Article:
Educational non-profits who depend upon philanthropists--individuals or foundations--sell products to those philanthropists. Rather than selling services directly to those philanthropists, they sell stories about those services. The kid gets the new treatment, or resource, or program, or widget, or whatever, and the philanthropist buys a story from the non-profit about the kid and her experiences.
There is a sea-change happening in the stories that philanthropists are buying.
In the past, philanthropists bought anecdotes of change and transformation. “Here’s the life of kid X or teacher Y before experiencing program Z, and here’s how those lives have been enriched and trasformed.” That is still true to some extent, but increasingly, philanthropists want to purchase stories about data. They want to purchase stories of impact, scale, and growth that are told in numbers and spreadsheets, rather than stories of personal transformation and revelation told through words and faces.
Let’s set aside a moment the question of whether or not this change is for the best. If you are an educational non-profit, it doesn’t matter whether you like this change or not; the philanthropic marketplace is in the midst of a major shift. You need to be able to tell your story with data.
Along with three colleagues from the Berkman Center for Internet & Society, I’ve written a short brief, “Evaluation in Context,” for educational non-profits to help them think through strategies for program evaluation in the face of these changes. It provides a framework for thinking through the challenges of quantiative evaluation: from goal-setting, to imagining indicators of progress, to gathering data creatively while under all the rigors of running a small educational program.
The abstract of the paper is below and the full brief is freely available on SSRN. It was specifically written for grantees of the McCormick Foundation’s Why News Matters program, but I hope others beyond that circle find it useful.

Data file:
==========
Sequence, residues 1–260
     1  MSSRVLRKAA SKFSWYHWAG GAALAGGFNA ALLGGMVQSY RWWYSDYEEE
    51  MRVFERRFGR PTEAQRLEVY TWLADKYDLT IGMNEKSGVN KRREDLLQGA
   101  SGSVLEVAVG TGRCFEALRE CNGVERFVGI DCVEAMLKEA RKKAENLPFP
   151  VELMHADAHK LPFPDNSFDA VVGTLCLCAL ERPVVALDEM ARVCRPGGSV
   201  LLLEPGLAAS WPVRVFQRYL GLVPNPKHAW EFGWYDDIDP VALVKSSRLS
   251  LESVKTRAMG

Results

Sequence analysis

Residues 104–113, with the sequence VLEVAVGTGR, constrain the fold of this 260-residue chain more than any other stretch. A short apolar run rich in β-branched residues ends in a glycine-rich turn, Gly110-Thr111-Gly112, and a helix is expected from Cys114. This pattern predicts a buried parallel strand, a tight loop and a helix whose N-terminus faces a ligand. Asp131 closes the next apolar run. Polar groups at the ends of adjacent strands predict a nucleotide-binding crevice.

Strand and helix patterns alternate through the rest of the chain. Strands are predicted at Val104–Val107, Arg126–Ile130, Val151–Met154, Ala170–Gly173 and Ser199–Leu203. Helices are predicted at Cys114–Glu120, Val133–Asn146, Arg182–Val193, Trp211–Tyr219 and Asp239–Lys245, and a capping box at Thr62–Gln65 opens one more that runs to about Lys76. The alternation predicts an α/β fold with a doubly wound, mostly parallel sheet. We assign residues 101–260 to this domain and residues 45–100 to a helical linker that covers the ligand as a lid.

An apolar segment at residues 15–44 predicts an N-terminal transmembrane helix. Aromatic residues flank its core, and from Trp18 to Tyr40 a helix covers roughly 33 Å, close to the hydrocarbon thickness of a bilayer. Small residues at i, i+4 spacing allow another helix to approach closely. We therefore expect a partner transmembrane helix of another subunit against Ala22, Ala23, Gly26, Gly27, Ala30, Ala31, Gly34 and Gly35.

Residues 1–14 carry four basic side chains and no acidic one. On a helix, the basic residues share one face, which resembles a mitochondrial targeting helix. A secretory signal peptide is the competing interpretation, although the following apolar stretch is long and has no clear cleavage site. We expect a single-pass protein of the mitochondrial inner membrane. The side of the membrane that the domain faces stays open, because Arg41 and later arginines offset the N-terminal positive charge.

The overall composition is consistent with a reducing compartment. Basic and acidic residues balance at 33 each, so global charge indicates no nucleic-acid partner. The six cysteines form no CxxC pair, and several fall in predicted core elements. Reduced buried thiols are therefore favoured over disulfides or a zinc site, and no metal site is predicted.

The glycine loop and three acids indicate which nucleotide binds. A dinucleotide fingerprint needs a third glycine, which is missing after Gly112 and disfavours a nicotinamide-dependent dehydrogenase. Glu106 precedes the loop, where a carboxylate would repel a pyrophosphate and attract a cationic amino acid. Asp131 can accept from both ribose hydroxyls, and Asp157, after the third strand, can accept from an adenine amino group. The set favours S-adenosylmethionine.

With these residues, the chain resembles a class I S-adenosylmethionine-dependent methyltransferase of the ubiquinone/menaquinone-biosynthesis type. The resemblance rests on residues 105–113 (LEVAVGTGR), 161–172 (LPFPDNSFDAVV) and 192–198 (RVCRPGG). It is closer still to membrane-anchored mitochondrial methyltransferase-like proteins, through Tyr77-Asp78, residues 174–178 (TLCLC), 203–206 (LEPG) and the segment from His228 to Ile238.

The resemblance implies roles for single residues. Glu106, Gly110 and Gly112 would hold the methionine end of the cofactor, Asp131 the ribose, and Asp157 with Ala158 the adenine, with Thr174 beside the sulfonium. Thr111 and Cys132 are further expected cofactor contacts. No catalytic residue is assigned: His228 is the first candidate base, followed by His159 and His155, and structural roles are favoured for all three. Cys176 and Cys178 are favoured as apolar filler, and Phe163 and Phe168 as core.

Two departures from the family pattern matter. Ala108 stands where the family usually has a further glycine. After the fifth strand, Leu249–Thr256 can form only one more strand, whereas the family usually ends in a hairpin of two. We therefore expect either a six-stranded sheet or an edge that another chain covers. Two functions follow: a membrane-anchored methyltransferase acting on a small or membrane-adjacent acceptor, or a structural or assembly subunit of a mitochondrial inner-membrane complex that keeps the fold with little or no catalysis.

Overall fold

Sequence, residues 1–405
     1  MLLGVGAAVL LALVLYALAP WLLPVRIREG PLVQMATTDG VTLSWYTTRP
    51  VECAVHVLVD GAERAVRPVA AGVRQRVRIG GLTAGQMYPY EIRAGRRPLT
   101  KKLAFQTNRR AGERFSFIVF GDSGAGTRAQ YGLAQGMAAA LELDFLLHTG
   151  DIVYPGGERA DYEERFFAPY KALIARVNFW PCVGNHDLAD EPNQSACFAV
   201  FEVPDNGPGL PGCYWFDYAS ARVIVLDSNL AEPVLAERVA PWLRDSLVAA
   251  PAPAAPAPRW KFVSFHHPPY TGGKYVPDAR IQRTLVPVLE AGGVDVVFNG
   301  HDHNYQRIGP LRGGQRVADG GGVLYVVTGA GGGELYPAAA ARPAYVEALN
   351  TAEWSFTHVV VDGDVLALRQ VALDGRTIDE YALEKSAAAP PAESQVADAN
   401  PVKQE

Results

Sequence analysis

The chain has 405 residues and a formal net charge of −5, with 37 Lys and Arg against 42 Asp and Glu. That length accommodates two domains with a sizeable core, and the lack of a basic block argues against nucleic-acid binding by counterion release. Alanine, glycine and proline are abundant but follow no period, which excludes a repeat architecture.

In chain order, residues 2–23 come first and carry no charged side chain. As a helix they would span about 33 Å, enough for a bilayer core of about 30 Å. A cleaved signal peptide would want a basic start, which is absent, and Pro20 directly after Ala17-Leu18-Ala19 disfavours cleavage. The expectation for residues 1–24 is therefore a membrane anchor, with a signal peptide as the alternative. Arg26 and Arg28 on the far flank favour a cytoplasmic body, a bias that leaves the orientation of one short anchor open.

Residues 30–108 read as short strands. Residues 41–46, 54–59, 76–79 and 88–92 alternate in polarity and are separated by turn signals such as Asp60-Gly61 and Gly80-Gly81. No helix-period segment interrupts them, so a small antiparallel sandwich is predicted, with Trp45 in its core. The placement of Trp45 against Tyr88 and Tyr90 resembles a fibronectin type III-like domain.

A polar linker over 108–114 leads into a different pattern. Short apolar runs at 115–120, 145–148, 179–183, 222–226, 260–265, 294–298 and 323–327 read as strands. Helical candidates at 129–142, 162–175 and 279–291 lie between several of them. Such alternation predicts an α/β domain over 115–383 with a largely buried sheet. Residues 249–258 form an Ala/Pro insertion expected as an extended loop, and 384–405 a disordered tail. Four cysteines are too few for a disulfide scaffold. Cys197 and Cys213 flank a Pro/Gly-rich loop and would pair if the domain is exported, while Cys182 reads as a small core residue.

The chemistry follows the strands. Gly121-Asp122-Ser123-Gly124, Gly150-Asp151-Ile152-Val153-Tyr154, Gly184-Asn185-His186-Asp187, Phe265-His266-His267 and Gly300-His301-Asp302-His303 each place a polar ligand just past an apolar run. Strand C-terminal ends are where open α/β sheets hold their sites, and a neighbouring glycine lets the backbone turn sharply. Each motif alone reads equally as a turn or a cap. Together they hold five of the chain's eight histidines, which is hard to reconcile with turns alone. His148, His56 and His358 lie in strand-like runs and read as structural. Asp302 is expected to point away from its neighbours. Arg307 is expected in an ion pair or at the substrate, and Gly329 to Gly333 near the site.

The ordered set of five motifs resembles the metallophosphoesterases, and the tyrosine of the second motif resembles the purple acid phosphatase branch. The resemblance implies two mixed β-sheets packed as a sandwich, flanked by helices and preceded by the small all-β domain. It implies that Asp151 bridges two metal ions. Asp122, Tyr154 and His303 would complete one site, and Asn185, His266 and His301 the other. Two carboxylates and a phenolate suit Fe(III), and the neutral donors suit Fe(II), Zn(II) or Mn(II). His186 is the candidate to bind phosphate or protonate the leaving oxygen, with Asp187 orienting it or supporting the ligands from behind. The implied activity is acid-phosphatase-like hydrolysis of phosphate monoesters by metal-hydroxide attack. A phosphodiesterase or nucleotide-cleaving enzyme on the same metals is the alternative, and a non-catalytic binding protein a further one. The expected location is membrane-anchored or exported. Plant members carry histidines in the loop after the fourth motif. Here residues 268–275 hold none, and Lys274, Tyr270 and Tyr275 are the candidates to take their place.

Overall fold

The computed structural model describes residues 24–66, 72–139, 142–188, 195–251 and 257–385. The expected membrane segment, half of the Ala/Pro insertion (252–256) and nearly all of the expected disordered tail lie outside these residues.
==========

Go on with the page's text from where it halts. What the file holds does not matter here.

Evaluation is the systematic investigation of the effects that your program has on the lives of people touched by your program. The process of designing an evaluation system benefits your program by clarifying your goals and identifying indicators of progress towards your goals. The results of evaluation provide program staff with important evidence that can shape a reflective process of iteration and improvement. The products of evaluation are also vital for demonstrating to philanthropists and grant-makers the value of their charitable investments.
For many non-profit programs, evaluation is foreign and scary. We plunge into public service out of a passion for serving people, not because we want to gin up data for analysis. For those whose work depends upon the charity of others, evaluations run the risk of revealing weaknesses and limitations. Many people can be intimidated by the quantitative aspects of evaluation or feel that numerical summaries of work can obscure the transformative impact of programs on individual lives.
But the best non-profit agencies are learning organizations, committed to a constant cycle of experiment, inquiry, reflection, and refinement. By studying our programs, testing our assumptions, and gathering evidence of our impact and shortcomings, we have the opportunity to do our work even better. We can use evaluation to engage a growing audience of philanthropists and grant-makers who want to invest in programs committed to gathering evidence of their effectiveness.
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